FOF Linda Wolfe, the award-winning author of 10 books and a 12-year veteran of the National Book Critics Circle, picks 2010’s most unforgettable titles. Warm up your Kindle, whip out your library card or just snuggle in bed with a good old-fashioned paper version of one of these works of art.
NEMESIS by Philip Roth
292 pp. Houghton Mifflin. $26.
In the sweltering summer of 1944, the year before World War II ended, a polio epidemic spread throughout Newark, New Jersey, [click to read more]
destroying the lives of many young people, some of whom died, some of whom went on to live as lifelong cripples. Roth, in his thirty-second novel, writes vigorously about the effects of the epidemic on one man, Bucky Cantor, a youthful playground director who is viewed as almost godlike by the boys he teaches to play ball, do exercises, throw the javelin. Due to poor eyesight, Bucky has been denied what he most desires: a chance to serve in the war. But when the epidemic strikes he determines to keep to his post in the playground and care for his charges no matter their – and his – fears about polio. His girlfriend implores him to join her in the presumably healthier air of a summer camp, but he refuses. “This was real war, too,” he thinks, “a war upon the children of Newark.”
What happens to Bucky and the children of Newark is brilliantly evoked by Roth. The book is a triumph of style and sensitivity which culminates in a searing inquiry into the nature of God. The last few pages are among the most breathtaking that Roth has ever written.
OUR KIND OF TRAITOR by John Le Carré
306 pp. Viking. $27.95
Le Carré, grandmaster of the spy thriller, has written his most suspenseful espionage story in years, [click to read more]
a book about the Russian mafia, international money laundering, stiff-upper-lip British intelligence agents, and two innocents abroad who get dragged–despite their better judgment–into dangerous cloak-and-dagger games. The innocents are Gail Perkins, a young barrister, and her boyfriend, Perry Makepiece, a literature professor and dynamite tennis player. On a much-anticipated Caribbean vacation, they’re approached by an enigmatic Russian bear of a man named Dimitri Krasnov–Dimi for short–who wants to play tennis with Perry. Turns out, he also wants Perry to contact the British government and arrange permanent residence for himself and his family in exchange “for certain informations very important, very urgent, very critical for Great Britain of Her Majesty.” It’s a roller coaster ride from there on in, a tale that will keep you or any of your book-loving friends biting your fingernails and sometimes – how does he do it? – tearing up at the same time.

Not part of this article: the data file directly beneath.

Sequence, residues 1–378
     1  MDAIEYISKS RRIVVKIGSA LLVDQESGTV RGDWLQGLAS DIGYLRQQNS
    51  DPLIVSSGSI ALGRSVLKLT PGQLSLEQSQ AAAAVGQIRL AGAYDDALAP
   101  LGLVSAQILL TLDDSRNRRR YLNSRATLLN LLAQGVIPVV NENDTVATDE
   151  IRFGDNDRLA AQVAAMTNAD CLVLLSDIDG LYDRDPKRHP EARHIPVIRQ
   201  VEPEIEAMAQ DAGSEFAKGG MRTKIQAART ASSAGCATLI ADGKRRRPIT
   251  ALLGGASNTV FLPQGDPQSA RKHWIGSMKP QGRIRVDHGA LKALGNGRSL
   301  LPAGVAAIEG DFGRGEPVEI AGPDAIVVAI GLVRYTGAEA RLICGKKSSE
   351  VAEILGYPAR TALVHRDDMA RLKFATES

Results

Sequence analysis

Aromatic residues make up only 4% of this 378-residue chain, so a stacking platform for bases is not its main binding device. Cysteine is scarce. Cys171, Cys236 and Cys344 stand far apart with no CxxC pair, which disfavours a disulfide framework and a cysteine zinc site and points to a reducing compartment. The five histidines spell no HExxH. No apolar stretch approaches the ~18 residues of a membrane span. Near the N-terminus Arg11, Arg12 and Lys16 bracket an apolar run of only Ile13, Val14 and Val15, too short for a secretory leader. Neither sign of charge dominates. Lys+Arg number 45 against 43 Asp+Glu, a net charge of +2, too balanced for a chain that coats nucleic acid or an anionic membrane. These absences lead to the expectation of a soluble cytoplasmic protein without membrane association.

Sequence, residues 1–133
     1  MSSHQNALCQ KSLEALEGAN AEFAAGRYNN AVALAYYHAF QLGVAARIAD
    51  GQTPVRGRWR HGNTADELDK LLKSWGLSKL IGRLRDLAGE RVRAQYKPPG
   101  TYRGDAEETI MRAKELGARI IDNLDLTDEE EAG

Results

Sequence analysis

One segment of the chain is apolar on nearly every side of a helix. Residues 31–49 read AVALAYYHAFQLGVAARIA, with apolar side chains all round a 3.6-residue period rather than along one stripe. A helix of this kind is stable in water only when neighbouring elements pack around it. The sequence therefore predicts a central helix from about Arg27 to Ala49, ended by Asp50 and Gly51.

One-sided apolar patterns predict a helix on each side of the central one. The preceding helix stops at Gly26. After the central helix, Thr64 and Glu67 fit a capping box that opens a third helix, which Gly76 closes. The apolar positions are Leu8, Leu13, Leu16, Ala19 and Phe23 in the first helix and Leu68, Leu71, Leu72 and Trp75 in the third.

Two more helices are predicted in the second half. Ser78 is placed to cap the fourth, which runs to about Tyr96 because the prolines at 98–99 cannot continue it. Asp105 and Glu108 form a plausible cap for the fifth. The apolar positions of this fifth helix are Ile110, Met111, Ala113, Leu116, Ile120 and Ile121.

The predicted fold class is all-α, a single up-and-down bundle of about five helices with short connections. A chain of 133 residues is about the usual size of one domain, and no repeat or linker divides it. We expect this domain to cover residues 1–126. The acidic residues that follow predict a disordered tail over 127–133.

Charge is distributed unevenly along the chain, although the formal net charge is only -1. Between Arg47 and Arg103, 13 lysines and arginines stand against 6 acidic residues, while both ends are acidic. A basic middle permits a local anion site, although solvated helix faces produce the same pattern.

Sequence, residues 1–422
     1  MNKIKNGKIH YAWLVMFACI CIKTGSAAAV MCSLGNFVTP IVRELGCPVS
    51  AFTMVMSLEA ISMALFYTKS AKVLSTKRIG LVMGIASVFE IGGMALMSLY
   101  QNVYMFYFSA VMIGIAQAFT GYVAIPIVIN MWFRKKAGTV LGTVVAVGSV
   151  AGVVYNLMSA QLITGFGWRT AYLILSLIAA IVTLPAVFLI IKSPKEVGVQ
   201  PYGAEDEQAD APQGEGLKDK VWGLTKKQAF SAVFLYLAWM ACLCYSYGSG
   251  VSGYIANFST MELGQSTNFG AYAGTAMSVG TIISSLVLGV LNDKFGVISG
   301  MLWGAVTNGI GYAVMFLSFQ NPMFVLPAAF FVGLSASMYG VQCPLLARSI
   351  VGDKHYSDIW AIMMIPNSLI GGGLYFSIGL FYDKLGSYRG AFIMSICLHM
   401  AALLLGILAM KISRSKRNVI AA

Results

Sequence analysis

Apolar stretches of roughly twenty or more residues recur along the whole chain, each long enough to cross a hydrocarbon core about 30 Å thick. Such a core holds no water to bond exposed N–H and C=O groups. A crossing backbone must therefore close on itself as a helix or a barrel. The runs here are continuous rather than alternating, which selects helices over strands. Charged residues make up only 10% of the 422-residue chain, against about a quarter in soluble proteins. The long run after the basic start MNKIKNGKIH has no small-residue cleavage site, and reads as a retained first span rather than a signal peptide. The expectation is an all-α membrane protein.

MOCKINGJAY by Suzanne Collins
390 pp. Scholastic Press. $17.99
This is the third and final novel in Collins’ Hunger Games trilogy. If you haven’t
yet read the first two, The Hunger Games and Catching Fire, you’ve been missing some of the most exciting fiction out there [click to read more]
– and even though the books are written for Young Adults, many of us older adults have been passionately devouring them. Not just to have a peek at what our teenagers are reading, but because the books are inventive, fast-paced, ethically provocative, and have an exceptionally charismatic heroine. She’s a moody, spirited sixteen-year-old, and although her adventures take place in a dystopian future society, she’s as true to life, as the girl next door – or in one’s own house. Mockingjay, for those who’ve read the first two books, is less tightly plotted than The Hunger Games, my favorite, but it’s equally compelling.
JUST KIDS by Patti Smith
279 pp. Ecco. $27.
She’s been called “the godmother of punk” and “punk rock’s poet laureate,” and it turns out she’s a terrific memoirist. [click to read more]